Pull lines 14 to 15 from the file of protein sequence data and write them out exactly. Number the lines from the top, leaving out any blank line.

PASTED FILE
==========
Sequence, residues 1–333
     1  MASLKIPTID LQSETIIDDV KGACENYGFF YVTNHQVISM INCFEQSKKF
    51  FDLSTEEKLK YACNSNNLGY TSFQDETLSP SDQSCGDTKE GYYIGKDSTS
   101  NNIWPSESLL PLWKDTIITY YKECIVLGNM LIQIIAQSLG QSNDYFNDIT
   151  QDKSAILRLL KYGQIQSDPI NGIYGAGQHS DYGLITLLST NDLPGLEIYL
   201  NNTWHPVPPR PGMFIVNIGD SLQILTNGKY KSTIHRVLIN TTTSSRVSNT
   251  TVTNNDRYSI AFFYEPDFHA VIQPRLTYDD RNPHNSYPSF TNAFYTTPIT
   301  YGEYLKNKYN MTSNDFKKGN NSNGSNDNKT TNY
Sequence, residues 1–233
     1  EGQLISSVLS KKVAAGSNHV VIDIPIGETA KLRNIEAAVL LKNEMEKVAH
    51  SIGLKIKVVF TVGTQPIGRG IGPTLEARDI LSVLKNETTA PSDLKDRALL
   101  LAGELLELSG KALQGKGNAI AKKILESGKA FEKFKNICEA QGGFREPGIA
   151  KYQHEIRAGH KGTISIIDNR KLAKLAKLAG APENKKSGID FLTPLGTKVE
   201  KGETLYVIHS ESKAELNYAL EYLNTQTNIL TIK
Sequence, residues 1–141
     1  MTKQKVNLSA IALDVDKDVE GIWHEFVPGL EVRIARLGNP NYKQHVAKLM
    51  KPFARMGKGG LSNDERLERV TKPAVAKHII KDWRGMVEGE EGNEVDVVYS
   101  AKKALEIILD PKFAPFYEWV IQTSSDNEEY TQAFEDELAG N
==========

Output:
   201  KGETLYVIHS ESKAELNYAL EYLNTQTNIL TIK
Sequence, residues 1–141